An anal fissure is a small tear in the lining of the anus, often caused by constipation that can cause a break in the tissue. Fissures can also occur with severe diarrhea or inflammation which results in the anus becoming dry and irritated, causing it to tear. Injury to the anal area during childbirth may be another cause.

An abscess is a localized pocket of pus caused by infection from bacteria. It can occur in any part of the body. When bacteria seep into the underlying tissues in the anal canal, an abscess may develop. Certain conditions, like Crohn’s disease, can increase the risk of abscess in and around the anal canal. Patients with conditions that reduce the body’s immunity are also more likely to develop anal abscesses.

A fistula is a tiny channel or tract that develops in the presence of inflammation and infection. It may or may not be associated with an abscess, but like abscesses, certain illnesses such as Crohn’s disease can cause fistulas to develop. The channel usually runs from the rectum to an opening in the skin around the anus. However, sometimes the fistula opening develops elsewhere. For example, in women with Crohn’s disease or obstetric injuries, the fistula could open into the vagina or bladder.

ANAL FISSURE, ABSCESS & FISTULA

Anal Fissures

Anal fissures can cause a vicious cycle in which the patient resists the urge to defecate because of pain, causing stools to become larger and harder, resulting in more pain. For patients that have a great deal of pain a topical anesthetic may be applied. Diet modification to soften stools is also recommended. Patients should increase fibers in their diets and increase fluid intake to treat and to prevent recurrence. Approximately half of all anal fissures heal with nonoperative therapy within 2-4 weeks.

A simple visual examination of the anus and surrounding tissue usually reveals the fissure. It is quite tender when examined by the physician. Fissures are most often located in the middle posterior (back) section of the anus.

Treatment Options:

More than half of all fissures heal either by themselves or with non-surgical treatment. Non-surgical treatment options include:

 

  • Stool softeners 

  • Antibiotics 

  • Special medicated creams, if the fissure has become ulcerated or infected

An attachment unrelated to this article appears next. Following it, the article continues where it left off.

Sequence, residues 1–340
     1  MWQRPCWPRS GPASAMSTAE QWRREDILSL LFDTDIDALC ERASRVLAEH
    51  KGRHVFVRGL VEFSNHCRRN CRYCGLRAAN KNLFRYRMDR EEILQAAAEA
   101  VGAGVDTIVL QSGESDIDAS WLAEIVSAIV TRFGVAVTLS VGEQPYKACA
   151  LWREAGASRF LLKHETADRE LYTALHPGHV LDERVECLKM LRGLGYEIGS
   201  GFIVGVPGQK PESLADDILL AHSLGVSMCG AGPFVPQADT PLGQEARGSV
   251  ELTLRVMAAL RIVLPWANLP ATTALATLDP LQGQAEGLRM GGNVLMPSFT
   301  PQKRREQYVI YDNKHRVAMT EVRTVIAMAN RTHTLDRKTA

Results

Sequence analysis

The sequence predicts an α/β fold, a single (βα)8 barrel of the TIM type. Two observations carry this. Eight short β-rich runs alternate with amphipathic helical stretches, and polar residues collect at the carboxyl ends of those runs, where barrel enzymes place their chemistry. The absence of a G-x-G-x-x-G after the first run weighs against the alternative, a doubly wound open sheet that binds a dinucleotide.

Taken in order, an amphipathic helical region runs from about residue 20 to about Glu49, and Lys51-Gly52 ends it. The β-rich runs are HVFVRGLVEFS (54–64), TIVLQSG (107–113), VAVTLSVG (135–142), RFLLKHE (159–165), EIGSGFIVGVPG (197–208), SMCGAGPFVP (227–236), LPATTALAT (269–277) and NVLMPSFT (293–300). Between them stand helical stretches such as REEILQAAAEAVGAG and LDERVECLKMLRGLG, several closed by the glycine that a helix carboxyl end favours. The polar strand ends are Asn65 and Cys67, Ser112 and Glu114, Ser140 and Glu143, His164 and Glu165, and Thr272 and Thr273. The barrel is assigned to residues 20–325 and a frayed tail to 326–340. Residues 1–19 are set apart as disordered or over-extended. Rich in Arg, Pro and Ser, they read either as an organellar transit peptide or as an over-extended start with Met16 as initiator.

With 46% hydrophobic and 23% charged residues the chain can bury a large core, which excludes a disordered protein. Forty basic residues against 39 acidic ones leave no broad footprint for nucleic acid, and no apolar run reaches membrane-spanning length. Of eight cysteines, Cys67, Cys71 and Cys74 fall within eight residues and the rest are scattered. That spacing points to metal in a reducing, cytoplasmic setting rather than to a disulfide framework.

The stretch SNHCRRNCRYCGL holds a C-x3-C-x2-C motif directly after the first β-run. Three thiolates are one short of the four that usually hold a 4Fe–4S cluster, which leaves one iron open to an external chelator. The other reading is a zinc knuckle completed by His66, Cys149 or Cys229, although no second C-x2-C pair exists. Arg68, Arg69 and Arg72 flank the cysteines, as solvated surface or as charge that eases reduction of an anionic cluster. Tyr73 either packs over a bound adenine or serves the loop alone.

• Nitroglycerin ointment applied to the anal canal

  • Applying talcum powder

  • Sitz baths may help relieve discomfort and promote healing

Abscess & Fistula
Treatment Options:

An abscess is a localized pocket of pus caused by infection from bacteria. Certain conditions, such as Crohn’s disease can increase the risk of abscess in and around the anal canal. Patients with conditions that reduce the body’s immunity, such as cancer or AIDS, are also more likely to develop anal abscesses.

 

An abscess causes tenderness, swelling, and pain. These symptoms clear when the abscess is drained. The patient may also complain of fever, chills, and general weakness or fatigue.

 

A fistula is a tiny channel or tract that develops in the presence of inflammation and infection. It may or may not be associated with an abscess, but like abscesses, certain illnesses such as Crohn’s disease can cause fistulas to develop. The channel usually runs from the rectum to an opening in the skin around the anus. However, sometimes the fistula opening develops elsewhere. For example, in women with Crohn’s disease or obstetric injuries, the fistula could open into the vagina or bladder.

 

Since fistulas are infected channels, there is usually some drainage. An abscess and fistula often occur together. If the opening of the fistula seals over before the fistula is cured, an abscess may develop behind it.

 

Diagnosis:

Diagnosis of an abscess is usually made on examination of the area. If it is near the anus, there is always pain, and often redness and swelling. The physician will look for an opening in the skin and try to determine the depth and direction of the channel or tract of the fistula. Signs of fistula and abscess may not be present on the skin’s surface around the anus so the doctor will use an instrument called an anoscope to see inside the anal canal and lower rectum.

 

Whenever the physician finds an abscess or fistula, further tests may be needed to be sure Crohn’s disease is not present.

 

Treatment for Anal Abscess

An abscess must be surgically opened to promote drainage and relieve pressure. This is often done in the physician’s office under local anesthesia. Patients with a large or deep abscess, or those who have other conditions, such as diabetes, may be admitted to the hospital for the procedure. Antibiotics are usually prescribed along with surgical drainage, especially if the patient has other serious diseases, such as diabetes.

 

Treatment for Anal Fistula

Treatment of anal fistula depends on whether Crohn’s disease is present. If it is, then prolonged treatment with a variety of medications, including antibiotics, is usually undertaken. Often these medications will cure the infection and heal the fistula.

 

If Crohn’s disease is not present, a course of antibiotics may still be recommened. If these do not work, surgery is usually very effective. The surgeon opens the fistula channel so that healing occurs from the inside out. Sometimes drains, called setons or mushroom catheters, are placed.  Most of the time, fistula surgery is done on an outpatient basis or with a short hospital stay. Following surgery, there may be mild to moderate discomfort for a few days, but patients usually have a short recovery period.

At the Surgery Group of Los Angeles, our surgeons pride themselves on staying at the forefront of innovative, personalized care. By utilizing the latest technology our physicians are able to provide patients with a wide-verity cutting edge treatment options specifically tailored to every individual’s needs and personal preferences.

 
 
 

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